Travel companies should help disperse visitors from the world’s ‘iconic sites’ to combat over-tourism, say industry leaders.
And over-crowded cities such as Barcelona should consider imposing taxes on visitors, according to a senior cruise industry figure.
Intrepid Travel co-founder and executive chairman Darrell Wade told fellow industry executives: “Over-tourism is the antithesis of responsible tourism. Tour operators have a responsibility.”
Addressing a group of senior industry figures gathered for the World Travel & Tourism Council Summit in Buenos Aires earlier this year, Wade said: “Tourism is supposed to be a mutual benefit – good for the host community and good for the traveller.
“We need to keep these things in balance and we’ve more chance of doing that by spreading tourism than just going to the same iconic sites.”
Carnival UK chief executive David Dingle agreed, saying: “We do have to see more dispersion. It’s more likely [to be accomplished] by finding different places to take people than by saying, ‘Don’t go to St. Mark’s Square.’”
He suggested imposing taxes at over-crowded sites, saying: “If tourists paid a tax for the benefit of visiting Barcelona, there could be enormous wealth generation for the city which could be redirected into public transport or services.”
However, Dingle said: “If you closed the cruise industry tomorrow it would make zero difference to over-tourism because we are such a small part of the total industry.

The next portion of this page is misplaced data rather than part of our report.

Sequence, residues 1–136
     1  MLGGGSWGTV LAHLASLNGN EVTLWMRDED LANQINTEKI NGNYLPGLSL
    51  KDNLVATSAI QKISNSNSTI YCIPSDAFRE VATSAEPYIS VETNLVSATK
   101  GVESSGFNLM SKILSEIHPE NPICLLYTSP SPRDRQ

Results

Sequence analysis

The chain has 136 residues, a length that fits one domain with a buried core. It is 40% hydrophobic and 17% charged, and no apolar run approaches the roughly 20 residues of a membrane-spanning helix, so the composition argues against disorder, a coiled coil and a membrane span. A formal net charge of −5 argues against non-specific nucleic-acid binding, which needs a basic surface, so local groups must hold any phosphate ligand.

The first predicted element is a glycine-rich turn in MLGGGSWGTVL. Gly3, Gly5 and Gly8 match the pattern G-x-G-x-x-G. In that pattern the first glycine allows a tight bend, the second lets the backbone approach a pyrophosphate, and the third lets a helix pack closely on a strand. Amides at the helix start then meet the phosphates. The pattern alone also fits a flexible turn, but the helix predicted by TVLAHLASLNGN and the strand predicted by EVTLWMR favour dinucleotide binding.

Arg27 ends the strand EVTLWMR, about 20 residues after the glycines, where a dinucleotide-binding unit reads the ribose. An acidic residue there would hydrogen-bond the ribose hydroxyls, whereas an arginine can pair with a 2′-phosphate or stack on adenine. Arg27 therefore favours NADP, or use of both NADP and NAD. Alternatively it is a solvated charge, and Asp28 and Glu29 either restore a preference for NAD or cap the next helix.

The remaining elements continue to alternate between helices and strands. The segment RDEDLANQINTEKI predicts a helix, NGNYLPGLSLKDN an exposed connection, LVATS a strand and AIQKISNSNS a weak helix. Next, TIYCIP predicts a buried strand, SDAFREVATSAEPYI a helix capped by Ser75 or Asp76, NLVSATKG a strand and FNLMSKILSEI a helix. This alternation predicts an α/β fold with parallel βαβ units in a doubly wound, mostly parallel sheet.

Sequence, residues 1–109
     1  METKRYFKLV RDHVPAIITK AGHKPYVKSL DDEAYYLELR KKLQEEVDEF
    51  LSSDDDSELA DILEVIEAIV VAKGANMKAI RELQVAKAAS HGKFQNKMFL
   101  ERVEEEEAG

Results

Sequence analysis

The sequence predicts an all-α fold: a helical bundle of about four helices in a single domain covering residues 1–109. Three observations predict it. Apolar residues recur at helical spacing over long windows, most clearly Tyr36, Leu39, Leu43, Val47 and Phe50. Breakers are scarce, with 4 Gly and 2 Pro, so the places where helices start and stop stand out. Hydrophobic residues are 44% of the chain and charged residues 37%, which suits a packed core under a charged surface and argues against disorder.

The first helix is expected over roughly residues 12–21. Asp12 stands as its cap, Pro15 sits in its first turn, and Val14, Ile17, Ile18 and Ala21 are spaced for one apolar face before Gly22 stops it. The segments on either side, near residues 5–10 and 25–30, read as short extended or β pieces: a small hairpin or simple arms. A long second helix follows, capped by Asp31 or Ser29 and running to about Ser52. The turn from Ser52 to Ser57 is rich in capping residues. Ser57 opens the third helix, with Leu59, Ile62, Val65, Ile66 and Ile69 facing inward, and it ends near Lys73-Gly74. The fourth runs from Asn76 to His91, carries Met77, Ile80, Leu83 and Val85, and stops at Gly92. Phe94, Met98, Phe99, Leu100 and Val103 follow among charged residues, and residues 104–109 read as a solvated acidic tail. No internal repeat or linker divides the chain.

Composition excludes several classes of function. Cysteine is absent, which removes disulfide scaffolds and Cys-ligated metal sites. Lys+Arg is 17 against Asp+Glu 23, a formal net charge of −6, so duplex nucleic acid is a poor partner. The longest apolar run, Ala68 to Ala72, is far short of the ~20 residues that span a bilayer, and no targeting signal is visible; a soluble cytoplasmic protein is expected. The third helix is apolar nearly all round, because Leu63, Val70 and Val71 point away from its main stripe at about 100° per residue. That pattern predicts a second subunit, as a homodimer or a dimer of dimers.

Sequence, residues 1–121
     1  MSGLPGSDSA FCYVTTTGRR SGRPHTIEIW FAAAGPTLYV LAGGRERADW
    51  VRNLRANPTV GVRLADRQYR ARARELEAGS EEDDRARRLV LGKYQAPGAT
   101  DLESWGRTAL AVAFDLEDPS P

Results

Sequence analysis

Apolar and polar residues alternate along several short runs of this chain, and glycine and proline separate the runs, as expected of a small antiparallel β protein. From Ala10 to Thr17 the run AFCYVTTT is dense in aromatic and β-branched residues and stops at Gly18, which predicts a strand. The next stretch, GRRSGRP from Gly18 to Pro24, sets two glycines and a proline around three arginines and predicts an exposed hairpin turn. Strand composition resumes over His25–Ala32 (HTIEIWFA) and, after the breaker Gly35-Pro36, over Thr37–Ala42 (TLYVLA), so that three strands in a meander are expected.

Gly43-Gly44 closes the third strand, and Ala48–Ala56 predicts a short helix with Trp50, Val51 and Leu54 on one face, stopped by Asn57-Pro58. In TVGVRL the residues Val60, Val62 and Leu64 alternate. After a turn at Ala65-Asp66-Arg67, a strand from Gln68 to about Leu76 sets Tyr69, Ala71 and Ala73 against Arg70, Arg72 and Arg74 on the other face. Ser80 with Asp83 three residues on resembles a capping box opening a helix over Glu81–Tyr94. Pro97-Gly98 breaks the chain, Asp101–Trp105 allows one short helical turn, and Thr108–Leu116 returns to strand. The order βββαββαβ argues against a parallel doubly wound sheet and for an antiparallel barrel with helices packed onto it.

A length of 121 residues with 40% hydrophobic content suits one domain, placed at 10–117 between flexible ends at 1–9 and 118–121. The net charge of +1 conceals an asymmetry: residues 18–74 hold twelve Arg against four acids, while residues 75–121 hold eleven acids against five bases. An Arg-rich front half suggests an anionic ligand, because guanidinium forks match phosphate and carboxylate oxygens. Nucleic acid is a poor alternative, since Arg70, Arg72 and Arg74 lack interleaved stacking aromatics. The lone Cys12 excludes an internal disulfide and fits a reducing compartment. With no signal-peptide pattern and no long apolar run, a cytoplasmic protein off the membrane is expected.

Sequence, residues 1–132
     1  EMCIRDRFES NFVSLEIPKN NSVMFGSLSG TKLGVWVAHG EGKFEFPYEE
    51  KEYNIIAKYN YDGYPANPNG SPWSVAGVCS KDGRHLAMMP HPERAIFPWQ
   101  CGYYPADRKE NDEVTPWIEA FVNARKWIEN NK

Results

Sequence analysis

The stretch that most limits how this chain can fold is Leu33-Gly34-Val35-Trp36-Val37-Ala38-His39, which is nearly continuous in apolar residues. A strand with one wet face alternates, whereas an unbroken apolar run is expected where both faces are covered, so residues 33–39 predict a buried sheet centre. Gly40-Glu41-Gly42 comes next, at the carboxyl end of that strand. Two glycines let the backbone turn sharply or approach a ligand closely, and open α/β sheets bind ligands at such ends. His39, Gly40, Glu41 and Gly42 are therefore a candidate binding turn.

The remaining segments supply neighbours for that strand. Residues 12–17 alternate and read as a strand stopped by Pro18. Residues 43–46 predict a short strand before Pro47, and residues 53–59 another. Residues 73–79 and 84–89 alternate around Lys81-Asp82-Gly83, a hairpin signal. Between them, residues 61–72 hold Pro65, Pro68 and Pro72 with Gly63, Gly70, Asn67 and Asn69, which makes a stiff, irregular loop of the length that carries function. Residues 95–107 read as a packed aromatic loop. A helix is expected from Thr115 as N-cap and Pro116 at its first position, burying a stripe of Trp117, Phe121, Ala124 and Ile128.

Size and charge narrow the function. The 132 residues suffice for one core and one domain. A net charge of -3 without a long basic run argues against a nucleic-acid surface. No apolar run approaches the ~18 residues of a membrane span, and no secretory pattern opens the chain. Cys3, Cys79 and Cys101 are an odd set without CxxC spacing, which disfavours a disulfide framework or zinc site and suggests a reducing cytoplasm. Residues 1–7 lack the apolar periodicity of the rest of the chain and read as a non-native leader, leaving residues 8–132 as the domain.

“The reason cruise is often referred to is that it’s an easy target. You know when 2,000 or 3,000 people turn up in a port.”
Royal Caribbean Cruises vice-chairman Adam Goldstein agreed. He said: “The cruise industry goes to about 1,000 places. The majority want more tourists, not less.”
However, Wade referred to “ice cream tourists” saying: “There is not a lot left behind from a cruise passenger. They get all their meals on the ship and get off to buy ice cream and that is the end of the economic impact in the community.”
Matthew Upchurch, chief executive of luxury travel network Virtuoso, pointed out raising prices would also restrict numbers.
He said: “You could look at this as a populist issue or like German automakers producing BMWs and decide special access has a price tag. You can extract more value at a lower impact.”
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